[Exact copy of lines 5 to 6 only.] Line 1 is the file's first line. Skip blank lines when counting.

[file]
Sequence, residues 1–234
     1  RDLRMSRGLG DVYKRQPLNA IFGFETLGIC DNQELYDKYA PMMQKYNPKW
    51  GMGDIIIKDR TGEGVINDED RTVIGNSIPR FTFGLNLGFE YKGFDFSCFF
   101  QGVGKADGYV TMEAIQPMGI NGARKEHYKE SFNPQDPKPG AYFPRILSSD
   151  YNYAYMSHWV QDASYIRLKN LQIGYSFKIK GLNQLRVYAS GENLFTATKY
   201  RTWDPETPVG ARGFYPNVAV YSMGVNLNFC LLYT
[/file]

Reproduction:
   151  YNYAYMSHWV QDASYIRLKN LQIGYSFKIK GLNQLRVYAS GENLFTATKY
   201  RTWDPETPVG ARGFYPNVAV YSMGVNLNFC LLYT